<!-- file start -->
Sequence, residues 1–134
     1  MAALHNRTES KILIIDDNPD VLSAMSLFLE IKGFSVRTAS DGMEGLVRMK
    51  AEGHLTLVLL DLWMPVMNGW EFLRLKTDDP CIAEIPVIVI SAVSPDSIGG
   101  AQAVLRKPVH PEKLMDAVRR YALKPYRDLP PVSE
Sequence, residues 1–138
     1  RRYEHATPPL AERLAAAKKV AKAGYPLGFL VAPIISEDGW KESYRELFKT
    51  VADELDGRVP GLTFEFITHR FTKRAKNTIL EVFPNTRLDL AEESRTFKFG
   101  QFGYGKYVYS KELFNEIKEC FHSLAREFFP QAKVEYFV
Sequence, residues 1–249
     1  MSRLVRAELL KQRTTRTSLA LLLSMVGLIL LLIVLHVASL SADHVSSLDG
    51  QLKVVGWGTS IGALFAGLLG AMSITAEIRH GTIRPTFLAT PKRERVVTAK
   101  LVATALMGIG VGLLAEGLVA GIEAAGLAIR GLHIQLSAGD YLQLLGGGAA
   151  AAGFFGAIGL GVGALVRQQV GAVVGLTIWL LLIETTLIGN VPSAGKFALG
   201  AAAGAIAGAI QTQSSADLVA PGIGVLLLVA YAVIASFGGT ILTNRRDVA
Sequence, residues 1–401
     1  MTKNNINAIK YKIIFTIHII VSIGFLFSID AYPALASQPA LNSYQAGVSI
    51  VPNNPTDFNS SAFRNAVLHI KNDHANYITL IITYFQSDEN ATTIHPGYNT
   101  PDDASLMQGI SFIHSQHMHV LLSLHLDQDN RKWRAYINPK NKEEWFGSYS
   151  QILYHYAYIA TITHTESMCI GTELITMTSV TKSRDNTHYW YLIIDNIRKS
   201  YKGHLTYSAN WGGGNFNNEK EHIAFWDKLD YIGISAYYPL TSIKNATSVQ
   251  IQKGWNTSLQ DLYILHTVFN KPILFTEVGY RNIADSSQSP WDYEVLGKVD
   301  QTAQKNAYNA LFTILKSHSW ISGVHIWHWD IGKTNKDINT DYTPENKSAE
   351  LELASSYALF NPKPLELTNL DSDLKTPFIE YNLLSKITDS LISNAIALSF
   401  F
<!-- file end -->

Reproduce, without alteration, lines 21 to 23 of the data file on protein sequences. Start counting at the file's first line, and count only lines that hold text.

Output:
   251  IQKGWNTSLQ DLYILHTVFN KPILFTEVGY RNIADSSQSP WDYEVLGKVD
   301  QTAQKNAYNA LFTILKSHSW ISGVHIWHWD IGKTNKDINT DYTPENKSAE
   351  LELASSYALF NPKPLELTNL DSDLKTPFIE YNLLSKITDS LISNAIALSF